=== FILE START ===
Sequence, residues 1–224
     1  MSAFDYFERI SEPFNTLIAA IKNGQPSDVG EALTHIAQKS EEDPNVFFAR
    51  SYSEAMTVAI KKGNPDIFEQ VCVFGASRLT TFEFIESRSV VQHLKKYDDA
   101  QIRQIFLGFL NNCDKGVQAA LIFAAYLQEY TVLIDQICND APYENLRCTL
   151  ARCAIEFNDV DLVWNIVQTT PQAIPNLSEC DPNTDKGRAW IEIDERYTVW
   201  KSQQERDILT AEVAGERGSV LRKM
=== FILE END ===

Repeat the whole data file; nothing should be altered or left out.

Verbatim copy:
Sequence, residues 1–224
     1  MSAFDYFERI SEPFNTLIAA IKNGQPSDVG EALTHIAQKS EEDPNVFFAR
    51  SYSEAMTVAI KKGNPDIFEQ VCVFGASRLT TFEFIESRSV VQHLKKYDDA
   101  QIRQIFLGFL NNCDKGVQAA LIFAAYLQEY TVLIDQICND APYENLRCTL
   151  ARCAIEFNDV DLVWNIVQTT PQAIPNLSEC DPNTDKGRAW IEIDERYTVW
   201  KSQQERDILT AEVAGERGSV LRKM